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  • br Introduction The development and plasticity

    2023-09-18


    Introduction The development and plasticity of synapses involve the timely recruitment of a plethora of proteins on both pre- and postsynaptic sides through ill-defined mechanisms. At excitatory synapses, two of the major proteins that are dynamically recruited postsynaptically are the Ca2+/calmodulin-dependent kinase II (CaMKII) and the AMPA-type glutamate receptor (AMPAR). Numerous studies have shown that CaMKII is involved in the activity and NMDA receptor (NMDAR)-dependent recruitment of AMPARs both during synaptic development and synaptic plasticity (Asrican et al., 2007, Hayashi et al., 2000, Lee et al., 2009, Lisman et al., 2002, Merrill et al., 2005, Pettit et al., 1994, Poncer et al., 2002, Rongo and Kaplan, 1999, Sanhueza et al., 2007, Zhang et al., 2008). However, it is unknown how CaMKII increases the number of AMPARs at synapses. Two principal recruitment mechanisms can be anticipated: CaMKII might promote the Efaproxiral Sodium of AMPAR-containing vesicles and/or the trapping at the postsynaptic density (PSD) of laterally diffusing AMPARs. While the evidence linking CaMKII activation and AMPAR recruitment at synapses has been interpreted via the exocytosis mechanism (Maletic-Savatic et al., 1998), the hypothesis that CaMKII can recruit AMPARs by diffusional trapping has not been examined, even though a number of findings indirectly support it (Lisman and Zhabotinsky, 2001). First, NMDAR activation causes the rapid translocation of CaMKII from dendritic compartments to activated synapses (Hudmon et al., 2005, Shen and Meyer, 1999, Strack et al., 1997). Second, following NMDAR activation, CaMKII can remain at postsynaptic sites for prolonged periods of time, through binding to several PSD proteins, including the NMDAR (Bayer et al., 2006, Lisman et al., 2002, Otmakhov et al., 2004). Third, CaMKII bound to the NMDAR remains active independent of Ca2+/CaM (Bayer et al., 2001), which should allow it to phosphorylate incoming membrane-bound proteins. Fourth, AMPARs are highly mobile at the neuronal surface, rapidly switching between extrasynaptic and synaptic sites (Bats et al., 2007, Borgdorff and Choquet, 2002, Heine et al., 2008, Tardin et al., 2003). Fifth, NMDAR stimulation, high-frequency stimulation, or increases in intracellular Ca2+ (Borgdorff and Choquet, 2002, Heine et al., 2008, Makino and Malinow, 2009, Petrini et al., 2009) all promote the rapid immobilization of AMPARs. Taken together, these findings suggest a scenario in which AMPARs are intrinsically mobile at the neuronal surface and can be “trapped” at activated synapses in a CaMKII-dependent manner. In this study, we asses directly whether CaMKII activation and postsynaptic translocation can recruit AMPARs at synapses by trapping the freely diffusing receptors in the plasma membrane. To this end, we either activated or inhibited CaMKII using a number of genetic, pharmacological, and physiological approaches while simultaneously tracking the mobility of surface AMPARs imaged via luminescent semiconductor quantum dots (QDs) precoupled to specific antibodies against AMPAR subunits (GluA1 or GluA2, corresponding to GluR1 and GluR2 [Collingridge et al., 2009]). Our results indicate that CaMKII activation stops the diffusion of surface AMPARs at synaptic sites. Furthermore, we show that this novel function of CaMKII is mediated by phosphorylation of stargazin and binding of its C terminus to PDZ domain scaffold proteins such as PSD95. Finally, we show that this CaMKII-dependent trapping of AMPARs to synaptic sites has a strong impact on paired-pulse depression, a form of short-term plasticity strongly dependent on the lateral mobility of AMPARs. Our experiments shine new light into the dynamic interaction between two key components of excitatory synapses and their fine tuning of synaptic transmission.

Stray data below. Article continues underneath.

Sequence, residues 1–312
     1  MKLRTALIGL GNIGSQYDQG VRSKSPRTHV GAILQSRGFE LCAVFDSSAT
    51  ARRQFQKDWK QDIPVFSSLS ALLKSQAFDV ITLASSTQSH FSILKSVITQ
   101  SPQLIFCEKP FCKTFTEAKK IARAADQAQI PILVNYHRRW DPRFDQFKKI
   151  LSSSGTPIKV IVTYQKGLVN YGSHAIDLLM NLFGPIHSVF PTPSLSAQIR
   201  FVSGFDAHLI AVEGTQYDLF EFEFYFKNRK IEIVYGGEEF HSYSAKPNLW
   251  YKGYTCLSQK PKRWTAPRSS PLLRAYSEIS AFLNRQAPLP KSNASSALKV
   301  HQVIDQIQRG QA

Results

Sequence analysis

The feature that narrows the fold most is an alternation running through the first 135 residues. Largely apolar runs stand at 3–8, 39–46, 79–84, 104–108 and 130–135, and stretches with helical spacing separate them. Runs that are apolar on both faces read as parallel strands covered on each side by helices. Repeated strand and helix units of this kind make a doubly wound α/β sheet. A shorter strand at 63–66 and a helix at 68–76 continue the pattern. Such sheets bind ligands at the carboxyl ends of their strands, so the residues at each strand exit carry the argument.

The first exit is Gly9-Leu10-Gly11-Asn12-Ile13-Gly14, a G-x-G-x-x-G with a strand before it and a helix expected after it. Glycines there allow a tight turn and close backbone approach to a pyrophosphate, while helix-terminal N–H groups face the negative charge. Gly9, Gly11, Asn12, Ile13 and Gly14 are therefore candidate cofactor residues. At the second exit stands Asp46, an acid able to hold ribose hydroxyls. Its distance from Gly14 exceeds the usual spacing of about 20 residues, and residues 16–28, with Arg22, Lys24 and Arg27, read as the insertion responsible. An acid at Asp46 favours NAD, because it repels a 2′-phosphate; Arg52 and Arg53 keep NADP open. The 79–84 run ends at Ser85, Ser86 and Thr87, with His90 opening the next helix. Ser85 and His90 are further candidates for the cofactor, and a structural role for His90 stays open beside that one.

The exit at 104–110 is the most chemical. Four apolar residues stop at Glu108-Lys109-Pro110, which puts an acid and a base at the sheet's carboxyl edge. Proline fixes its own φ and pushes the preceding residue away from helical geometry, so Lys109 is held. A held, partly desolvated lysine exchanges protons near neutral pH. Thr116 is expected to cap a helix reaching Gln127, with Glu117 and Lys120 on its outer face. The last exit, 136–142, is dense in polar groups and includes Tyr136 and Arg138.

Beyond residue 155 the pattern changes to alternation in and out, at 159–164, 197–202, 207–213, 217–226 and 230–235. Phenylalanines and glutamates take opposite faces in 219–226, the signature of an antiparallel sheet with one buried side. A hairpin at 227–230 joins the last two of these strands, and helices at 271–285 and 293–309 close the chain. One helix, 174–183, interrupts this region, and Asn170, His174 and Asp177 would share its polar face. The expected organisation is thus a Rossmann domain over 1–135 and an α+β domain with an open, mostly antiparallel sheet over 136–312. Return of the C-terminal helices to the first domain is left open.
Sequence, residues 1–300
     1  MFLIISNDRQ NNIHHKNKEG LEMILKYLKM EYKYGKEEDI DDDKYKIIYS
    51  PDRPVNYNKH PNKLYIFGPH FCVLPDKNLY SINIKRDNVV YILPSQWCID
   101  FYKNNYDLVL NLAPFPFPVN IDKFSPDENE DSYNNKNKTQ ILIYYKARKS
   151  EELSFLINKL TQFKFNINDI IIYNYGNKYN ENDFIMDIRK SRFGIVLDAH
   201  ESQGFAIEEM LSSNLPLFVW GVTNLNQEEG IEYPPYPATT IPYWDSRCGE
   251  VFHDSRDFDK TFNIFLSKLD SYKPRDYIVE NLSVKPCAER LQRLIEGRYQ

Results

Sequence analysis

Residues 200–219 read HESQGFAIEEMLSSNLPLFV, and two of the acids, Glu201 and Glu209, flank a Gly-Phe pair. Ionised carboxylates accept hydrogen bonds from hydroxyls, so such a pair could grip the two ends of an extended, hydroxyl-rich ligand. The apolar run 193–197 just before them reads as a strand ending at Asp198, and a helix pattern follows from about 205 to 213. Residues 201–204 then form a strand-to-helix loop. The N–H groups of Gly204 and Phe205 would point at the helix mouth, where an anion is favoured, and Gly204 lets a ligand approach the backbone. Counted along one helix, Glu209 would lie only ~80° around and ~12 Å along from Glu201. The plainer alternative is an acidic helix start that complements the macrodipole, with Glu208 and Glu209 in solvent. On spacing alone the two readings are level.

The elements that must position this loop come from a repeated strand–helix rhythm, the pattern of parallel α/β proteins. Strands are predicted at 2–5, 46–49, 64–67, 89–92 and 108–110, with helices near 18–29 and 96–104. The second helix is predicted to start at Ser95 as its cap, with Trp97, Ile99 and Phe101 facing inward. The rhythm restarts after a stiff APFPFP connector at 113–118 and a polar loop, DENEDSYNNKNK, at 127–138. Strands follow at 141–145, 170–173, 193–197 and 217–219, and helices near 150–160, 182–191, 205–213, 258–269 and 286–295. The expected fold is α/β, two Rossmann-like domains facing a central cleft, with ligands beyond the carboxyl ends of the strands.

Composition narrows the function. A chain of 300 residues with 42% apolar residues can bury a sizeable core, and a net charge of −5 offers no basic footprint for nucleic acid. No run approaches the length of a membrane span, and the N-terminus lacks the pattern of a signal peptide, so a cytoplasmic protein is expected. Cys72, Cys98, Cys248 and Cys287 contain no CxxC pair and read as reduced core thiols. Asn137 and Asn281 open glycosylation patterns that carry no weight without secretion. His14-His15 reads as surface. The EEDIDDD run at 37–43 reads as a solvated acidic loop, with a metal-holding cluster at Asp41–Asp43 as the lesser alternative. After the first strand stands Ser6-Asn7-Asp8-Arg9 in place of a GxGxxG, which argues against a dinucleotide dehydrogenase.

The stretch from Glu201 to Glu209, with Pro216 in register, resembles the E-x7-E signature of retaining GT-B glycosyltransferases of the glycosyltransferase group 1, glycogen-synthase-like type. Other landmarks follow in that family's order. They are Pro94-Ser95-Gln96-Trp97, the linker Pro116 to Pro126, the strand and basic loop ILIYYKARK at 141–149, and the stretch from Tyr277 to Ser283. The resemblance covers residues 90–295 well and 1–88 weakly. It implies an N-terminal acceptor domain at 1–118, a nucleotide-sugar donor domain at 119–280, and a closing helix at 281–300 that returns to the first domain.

Results
    Discussion Our study reveals a function of CaMKII as a regulator of AMPAR diffusional trapping at the synaptic surface and short-term synaptic plasticity. As shown in the model (Figure 7), we uncovered the molecular mechanisms underlying the Ca2+-dependent AMPAR trapping at synapses which involves the postsynaptic translocation of CaMKII and the direct phosphorylation of the AMPAR auxiliary subunit Stargazin.